How Geopolitical Conflicts May Impact Global Markets

We live in tumultuous times. The markets remain volatile. Several countries remain at war. And global markets rarely respond well to instability and uncertainty. 

The war between Israel and Hamas, started by the Palestinian Hamas group’s October 7 attack, could become protracted and increasingly complex. Banking stability, corporate profits and energy supplies aren’t threatened — yet, but the war is still young. While financial markets haven’t felt the direct effects of this developing war, it’s important to watch several areas should it escalate.

2024 Oil Supplies

After the attack, crude oil prices jumped about 4%, which isn’t uncommon as markets have historically factored in the perception of higher risk to justify an added “fear premium” to prices. This increase was relatively small, and should the oil market function with minimal disruption, carrying on with a “business as usual” approach, the hike will fade quickly.

However, geopolitical changes could affect oil supplies next year and potentially carry implications for the U.S. presidential election. First are the Saudi oil supplies. Before the attack, the Biden administration was working to broker a deal between Saudi Arabia and Israel in which the countries would establish formal relationships — for the first time in history. The nations prepared to make concessions to the other, with the U.S. facilitating this deal by offering Saudi Arabia defense guaranteed.

Some analysts theorized that the deal would also include Saudi Arabia pumping more oil next year to help keep U.S. gas prices down. However, the war may lead to Israel and Saudi Arabia tabling their deal for now — and the Saudis opting not to boost oil production in 2024.

A research note published by Goldman Sachs on October 19 said, “We see more support for tighter oil supply and higher oil prices over the long term as diplomatic progress on a security deal with Saudi Arabia is likely to face significant headwinds during a period of heightened military activity in the Middle East. Speculation that Saudi Arabia could ease its oil production cuts to build goodwill for a security deal with the U.S. has ramped up, but the potential for [October 7th’s] events to spark a broader regional conflict will likely place any further progress on hold.”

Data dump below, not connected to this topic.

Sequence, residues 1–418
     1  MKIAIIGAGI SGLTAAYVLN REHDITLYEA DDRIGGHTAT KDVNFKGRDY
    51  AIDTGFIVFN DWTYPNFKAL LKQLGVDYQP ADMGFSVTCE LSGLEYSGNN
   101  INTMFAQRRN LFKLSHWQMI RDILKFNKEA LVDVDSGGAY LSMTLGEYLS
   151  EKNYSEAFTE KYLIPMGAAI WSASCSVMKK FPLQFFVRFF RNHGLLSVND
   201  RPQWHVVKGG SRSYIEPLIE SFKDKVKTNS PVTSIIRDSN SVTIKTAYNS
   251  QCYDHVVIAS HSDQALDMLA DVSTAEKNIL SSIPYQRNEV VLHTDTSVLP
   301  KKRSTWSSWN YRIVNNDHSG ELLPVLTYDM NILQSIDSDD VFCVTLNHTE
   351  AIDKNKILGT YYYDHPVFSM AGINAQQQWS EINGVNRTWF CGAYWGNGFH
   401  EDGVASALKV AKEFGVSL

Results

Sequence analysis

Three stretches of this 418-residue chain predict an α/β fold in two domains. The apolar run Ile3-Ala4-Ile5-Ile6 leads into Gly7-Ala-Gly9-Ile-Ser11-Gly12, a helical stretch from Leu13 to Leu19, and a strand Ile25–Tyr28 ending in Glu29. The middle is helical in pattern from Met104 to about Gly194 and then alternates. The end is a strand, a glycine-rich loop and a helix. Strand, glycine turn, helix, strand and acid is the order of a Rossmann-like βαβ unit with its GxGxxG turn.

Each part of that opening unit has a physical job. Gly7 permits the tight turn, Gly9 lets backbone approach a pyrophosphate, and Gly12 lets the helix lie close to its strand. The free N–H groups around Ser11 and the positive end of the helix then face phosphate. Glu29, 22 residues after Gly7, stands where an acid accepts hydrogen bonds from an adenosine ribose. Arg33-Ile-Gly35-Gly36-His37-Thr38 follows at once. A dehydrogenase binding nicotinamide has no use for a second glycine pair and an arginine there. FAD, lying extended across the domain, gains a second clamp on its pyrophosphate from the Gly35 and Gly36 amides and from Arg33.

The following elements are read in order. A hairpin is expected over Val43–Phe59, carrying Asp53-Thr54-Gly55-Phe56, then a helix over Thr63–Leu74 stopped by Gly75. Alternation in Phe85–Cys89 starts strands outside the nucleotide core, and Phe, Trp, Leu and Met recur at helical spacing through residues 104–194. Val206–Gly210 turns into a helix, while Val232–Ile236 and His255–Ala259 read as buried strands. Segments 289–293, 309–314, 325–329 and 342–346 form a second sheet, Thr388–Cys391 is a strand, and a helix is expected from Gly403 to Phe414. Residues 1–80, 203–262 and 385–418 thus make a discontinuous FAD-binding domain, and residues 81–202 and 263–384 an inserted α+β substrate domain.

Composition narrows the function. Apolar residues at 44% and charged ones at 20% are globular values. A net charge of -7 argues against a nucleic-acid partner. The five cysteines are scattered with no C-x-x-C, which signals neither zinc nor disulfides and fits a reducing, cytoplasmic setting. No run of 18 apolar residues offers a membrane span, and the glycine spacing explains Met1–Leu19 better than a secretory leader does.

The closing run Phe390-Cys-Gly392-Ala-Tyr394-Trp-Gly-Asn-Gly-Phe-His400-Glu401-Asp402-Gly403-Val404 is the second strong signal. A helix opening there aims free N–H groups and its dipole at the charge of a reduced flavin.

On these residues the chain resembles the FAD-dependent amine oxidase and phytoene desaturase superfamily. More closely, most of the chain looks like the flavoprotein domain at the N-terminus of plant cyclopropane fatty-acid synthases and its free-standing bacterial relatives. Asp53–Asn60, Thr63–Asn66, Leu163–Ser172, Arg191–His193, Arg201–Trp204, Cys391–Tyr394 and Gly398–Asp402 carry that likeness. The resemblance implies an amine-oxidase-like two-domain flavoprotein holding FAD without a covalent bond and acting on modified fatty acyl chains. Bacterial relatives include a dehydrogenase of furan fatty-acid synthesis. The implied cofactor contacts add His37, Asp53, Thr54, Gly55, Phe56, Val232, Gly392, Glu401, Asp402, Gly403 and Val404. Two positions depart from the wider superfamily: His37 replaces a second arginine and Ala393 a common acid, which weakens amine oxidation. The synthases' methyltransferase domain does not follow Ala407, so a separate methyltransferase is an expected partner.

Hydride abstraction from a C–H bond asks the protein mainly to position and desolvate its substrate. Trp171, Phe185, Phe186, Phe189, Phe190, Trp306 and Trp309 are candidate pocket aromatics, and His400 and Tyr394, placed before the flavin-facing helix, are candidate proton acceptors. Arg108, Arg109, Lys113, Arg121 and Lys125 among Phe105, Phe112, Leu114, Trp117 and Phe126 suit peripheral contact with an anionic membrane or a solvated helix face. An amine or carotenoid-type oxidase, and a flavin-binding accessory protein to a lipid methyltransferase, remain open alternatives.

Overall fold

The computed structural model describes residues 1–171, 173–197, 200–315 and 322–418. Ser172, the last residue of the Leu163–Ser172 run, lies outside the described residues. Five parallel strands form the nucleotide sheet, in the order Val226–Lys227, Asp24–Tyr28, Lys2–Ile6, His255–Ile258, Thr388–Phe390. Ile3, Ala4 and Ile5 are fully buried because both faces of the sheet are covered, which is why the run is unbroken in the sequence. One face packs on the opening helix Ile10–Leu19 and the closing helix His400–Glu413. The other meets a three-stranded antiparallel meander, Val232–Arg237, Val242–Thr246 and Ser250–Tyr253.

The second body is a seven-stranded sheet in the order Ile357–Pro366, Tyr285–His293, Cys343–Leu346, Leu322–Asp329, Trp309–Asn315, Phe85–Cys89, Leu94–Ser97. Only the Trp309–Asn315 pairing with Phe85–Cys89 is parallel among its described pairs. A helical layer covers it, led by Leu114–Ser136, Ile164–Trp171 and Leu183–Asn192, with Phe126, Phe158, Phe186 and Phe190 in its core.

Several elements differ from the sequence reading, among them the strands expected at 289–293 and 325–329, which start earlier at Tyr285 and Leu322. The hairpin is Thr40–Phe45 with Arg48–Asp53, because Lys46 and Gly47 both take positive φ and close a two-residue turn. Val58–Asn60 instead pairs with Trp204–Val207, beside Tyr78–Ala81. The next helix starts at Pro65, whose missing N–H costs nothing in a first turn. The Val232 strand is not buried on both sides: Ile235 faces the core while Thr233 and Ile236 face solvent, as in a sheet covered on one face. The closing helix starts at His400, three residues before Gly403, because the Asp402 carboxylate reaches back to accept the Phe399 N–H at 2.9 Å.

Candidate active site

Another wildcard for 2024? Iranian oil. In September, the U.S. unfroze $6 billion in Iranian funds as part of a hostage swap. This agreement was reached after months of negotiations and led to the release of five wrongfully detained American citizens from Iran and five Iranian citizens from the U.S. The funds were not directly released to the Iranian government but are held by a trust fund in Qatar and released in installments to purchase humanitarian goods.

Any suspicion of Iran’s assistance to Hamas could force the Biden administration to tighten sanctions, according to an analysis by ClearView Energy Partners. Another analyst from Lipow Oil Associates also noted that Iran’s involvement in the war could be critical in determining the conflict’s impact — or lack thereof — on oil prices. Closure of the Strait of Hormuz, located between Iran and Oman and which produces 17 to 18 million barrels of oil daily, could lead to $20 to $30 per barrel price increases in oil, driving a surge in gas prices in the U.S.

However, it’s unlikely that we’ll see a repeat of the Arab oil embargo — which followed the invasion of Israel in the 1970s — since Arab states are more friendly to Israel today. That embargo contributed to a significant recession in the West and fuel shortages in the U.S. It also led to a restructuring of the U.S. economy and the country’s relationship with Saudi Arabia.